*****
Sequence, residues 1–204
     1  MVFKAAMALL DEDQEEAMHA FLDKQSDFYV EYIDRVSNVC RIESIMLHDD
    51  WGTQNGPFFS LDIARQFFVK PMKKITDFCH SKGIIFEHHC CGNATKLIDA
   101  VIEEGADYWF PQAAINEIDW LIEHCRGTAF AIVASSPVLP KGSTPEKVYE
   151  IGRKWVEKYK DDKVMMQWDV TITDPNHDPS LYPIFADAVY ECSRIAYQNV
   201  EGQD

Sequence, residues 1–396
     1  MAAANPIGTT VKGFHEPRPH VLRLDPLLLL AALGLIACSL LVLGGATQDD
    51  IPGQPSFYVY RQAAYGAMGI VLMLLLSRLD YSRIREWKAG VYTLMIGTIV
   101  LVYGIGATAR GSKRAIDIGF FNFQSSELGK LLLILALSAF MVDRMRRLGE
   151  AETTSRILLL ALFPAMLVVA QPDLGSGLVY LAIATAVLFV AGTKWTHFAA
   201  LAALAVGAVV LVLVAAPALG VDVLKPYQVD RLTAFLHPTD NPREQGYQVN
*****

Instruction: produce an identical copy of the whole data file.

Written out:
Sequence, residues 1–204
     1  MVFKAAMALL DEDQEEAMHA FLDKQSDFYV EYIDRVSNVC RIESIMLHDD
    51  WGTQNGPFFS LDIARQFFVK PMKKITDFCH SKGIIFEHHC CGNATKLIDA
   101  VIEEGADYWF PQAAINEIDW LIEHCRGTAF AIVASSPVLP KGSTPEKVYE
   151  IGRKWVEKYK DDKVMMQWDV TITDPNHDPS LYPIFADAVY ECSRIAYQNV
   201  EGQD

Sequence, residues 1–396
     1  MAAANPIGTT VKGFHEPRPH VLRLDPLLLL AALGLIACSL LVLGGATQDD
    51  IPGQPSFYVY RQAAYGAMGI VLMLLLSRLD YSRIREWKAG VYTLMIGTIV
   101  LVYGIGATAR GSKRAIDIGF FNFQSSELGK LLLILALSAF MVDRMRRLGE
   151  AETTSRILLL ALFPAMLVVA QPDLGSGLVY LAIATAVLFV AGTKWTHFAA
   201  LAALAVGAVV LVLVAAPALG VDVLKPYQVD RLTAFLHPTD NPREQGYQVN